Quote from: AdamJ on May 19, 2011, 11:47:00 PM
I'd be surprised and annoyed if a new 1.4 were given L status. Non-L users deserve up-to-date products, too.
That's just funny. If it doesn't add anything to the price, why not? I'm just hoping that there will be value for the money.
It ALWAYS adds to the price!!
Professor mode: Logical fallacy spotted, assuming the antecedent.
Because it's an "L" lens means (or should) that it has some features that you won't get elsewhere, not that it is just more expensive to pull the lens lineup out of the users' price range. I think it is important to the whole lineup have a good quality, affordable fast prime like the 50mm, and the current design could be improved on in a number of ways. I have had no problems with the build, but if an "L" designated 50 keeps people from losing theirs to reliability issues, that makes the apparent price difference (just a rumor at this point) in fact somewhat smaller.
I'm with you on your main point: It's nice to have consumer-level lenses, because they do cost less, and I don't want Canon to completely replace the 50mm with something that costs more, and take the 50mm out of the lineup entirely. On the other hand, consider the 50mm compact macro: It's been out of the lineup for a while but that "hole" seems more or less plugged by the EF-S 60mm macro, which is only around $20 more than the 50mm f/1.4. I'm guessing it's more expensive to produce than the roughly 20-plus-year old Compact Macro design would have been today, but at launch the compact macro would have been as much if not more expensive in 1987 dollars anyway.
The 60mm macro probably would have been more expensive by at least a bit than the 50mm compact macro would have been before its retirement, but things do become obsolete. Even if we don't always see a benefit to Canon refreshing the line (I have no personal opinion on the compact macro scene, having used neither lens - it just came to mind), they still have to do it periodically to avoid falling back.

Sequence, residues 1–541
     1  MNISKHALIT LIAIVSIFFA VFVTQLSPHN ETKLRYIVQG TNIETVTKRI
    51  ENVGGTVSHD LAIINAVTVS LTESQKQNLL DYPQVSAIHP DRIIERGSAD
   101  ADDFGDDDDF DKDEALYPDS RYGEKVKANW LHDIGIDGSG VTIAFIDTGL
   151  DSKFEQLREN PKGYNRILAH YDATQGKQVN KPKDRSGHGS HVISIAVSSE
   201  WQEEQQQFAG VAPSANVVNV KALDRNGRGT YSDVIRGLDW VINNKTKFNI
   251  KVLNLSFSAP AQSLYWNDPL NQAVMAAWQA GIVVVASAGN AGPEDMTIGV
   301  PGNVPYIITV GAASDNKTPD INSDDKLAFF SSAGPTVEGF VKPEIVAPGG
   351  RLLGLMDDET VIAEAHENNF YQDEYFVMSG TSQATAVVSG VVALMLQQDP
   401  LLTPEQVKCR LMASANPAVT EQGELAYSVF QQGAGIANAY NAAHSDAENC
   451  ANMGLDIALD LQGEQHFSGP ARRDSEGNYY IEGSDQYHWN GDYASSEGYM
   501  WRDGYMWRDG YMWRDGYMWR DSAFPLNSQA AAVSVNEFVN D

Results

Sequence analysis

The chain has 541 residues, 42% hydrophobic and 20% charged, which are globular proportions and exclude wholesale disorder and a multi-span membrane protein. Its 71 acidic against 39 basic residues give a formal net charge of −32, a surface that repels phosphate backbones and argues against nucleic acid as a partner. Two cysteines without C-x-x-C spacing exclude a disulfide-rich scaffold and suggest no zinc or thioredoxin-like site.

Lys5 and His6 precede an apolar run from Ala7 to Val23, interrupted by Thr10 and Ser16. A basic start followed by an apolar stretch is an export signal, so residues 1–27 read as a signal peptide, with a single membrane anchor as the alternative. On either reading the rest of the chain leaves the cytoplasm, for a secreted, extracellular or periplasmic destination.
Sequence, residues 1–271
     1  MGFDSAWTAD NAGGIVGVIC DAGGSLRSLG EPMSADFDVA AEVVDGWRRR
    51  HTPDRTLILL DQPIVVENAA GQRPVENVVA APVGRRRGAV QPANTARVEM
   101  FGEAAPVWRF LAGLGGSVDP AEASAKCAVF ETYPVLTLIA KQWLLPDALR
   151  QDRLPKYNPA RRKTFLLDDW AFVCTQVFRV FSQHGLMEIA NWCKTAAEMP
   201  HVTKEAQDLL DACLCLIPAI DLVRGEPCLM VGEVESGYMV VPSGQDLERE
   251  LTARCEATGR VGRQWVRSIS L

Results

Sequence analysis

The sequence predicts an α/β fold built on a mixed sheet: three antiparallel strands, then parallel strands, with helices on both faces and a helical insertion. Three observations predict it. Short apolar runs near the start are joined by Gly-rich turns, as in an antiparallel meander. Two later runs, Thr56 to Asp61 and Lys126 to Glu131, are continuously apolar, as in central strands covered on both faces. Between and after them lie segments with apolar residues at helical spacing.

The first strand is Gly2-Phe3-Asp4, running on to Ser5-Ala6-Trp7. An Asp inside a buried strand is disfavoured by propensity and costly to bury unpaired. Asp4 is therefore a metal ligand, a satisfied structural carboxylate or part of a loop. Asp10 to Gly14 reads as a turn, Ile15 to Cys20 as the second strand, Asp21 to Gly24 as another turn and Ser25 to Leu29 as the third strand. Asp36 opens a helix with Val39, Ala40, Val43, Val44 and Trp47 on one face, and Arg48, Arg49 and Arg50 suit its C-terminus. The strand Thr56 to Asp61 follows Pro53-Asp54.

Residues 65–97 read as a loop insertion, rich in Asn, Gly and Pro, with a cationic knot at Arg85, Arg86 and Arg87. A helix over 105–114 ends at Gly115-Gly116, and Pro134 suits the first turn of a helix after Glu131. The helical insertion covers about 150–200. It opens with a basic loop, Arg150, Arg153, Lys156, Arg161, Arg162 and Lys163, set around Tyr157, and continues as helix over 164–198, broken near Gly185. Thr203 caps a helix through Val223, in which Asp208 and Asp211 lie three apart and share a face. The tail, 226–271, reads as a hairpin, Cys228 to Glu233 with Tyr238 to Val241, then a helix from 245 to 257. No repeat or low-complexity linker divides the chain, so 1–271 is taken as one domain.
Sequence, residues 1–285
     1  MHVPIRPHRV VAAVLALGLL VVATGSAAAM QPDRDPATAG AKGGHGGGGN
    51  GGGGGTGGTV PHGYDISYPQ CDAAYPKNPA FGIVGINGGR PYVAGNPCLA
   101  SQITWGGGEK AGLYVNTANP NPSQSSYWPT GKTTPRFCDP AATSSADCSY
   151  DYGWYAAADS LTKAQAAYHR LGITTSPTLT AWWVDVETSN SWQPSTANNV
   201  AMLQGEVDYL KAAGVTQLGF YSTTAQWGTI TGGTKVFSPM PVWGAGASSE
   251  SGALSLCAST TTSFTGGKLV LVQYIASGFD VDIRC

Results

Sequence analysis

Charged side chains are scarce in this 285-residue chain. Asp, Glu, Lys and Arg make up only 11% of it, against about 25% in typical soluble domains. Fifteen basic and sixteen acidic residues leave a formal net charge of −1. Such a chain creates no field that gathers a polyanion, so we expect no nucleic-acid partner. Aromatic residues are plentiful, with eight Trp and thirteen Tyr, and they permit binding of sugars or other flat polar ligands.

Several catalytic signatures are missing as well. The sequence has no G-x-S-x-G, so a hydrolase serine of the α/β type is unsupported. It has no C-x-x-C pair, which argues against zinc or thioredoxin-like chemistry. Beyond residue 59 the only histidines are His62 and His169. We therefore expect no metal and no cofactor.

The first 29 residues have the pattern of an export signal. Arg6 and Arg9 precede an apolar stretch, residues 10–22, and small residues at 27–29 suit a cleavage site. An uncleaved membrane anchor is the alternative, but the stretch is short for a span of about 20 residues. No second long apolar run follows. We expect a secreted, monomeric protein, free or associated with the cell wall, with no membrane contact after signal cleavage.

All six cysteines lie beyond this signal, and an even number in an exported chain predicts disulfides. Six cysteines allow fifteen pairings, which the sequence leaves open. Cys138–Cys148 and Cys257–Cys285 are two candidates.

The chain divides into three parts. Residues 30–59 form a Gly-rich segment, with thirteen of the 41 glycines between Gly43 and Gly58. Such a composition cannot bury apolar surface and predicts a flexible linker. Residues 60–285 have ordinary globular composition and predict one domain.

The 50mm isn't a lens like the 70-200 ranges where users can look forward to saving money by getting a previous mark of the lens, but even if the price stays fixed it will slowly become more affordable due to inflation, so overall it's probably just a temporary price spike. Considering any new lens will be made using more up-to-date technology, it stands to reason they will want more money from it - older lens designs will be cheaper to make and the investment to produce them originally will have been returned long ago.
A lot of my latest predictions turned out poorly, but I think Canon might have the idea that the 50mm is not such an important lens. "Consumers" seem to be better served by zooms (like the 17-55, which isn't cheap). It's not as fast, but the already-mentioned EF-S 60mm f/2.8 seems like a good fit for many EF-S shooters, being both pretty fast, a macro, and a similar focal length. The 80mm lens, which is the FOV equivalent used by FF pros, seems to be right up to date in multiple flavors, including the modern classic f/1.2, so anybody shooting a 50mm on a crop body has to move to entirely different equipment on FF.
The only real reason I can think of to keep the 50mm around is, of course, not just for the 80mm-equivalent length, but as the "normal" lens for a full-frame body, but I keep hearing how much the 50mm length has lost favor since the old days, as if it were a fisheye or something. Well, Canon brought fisheye back - maybe there's hope for the 50mm too. At the very least, I don't see them retiring it outright without a replacement, but I really wish they would have something good and sharp like Nikon seems to have, instead of the portrait-focused f/1.2 version.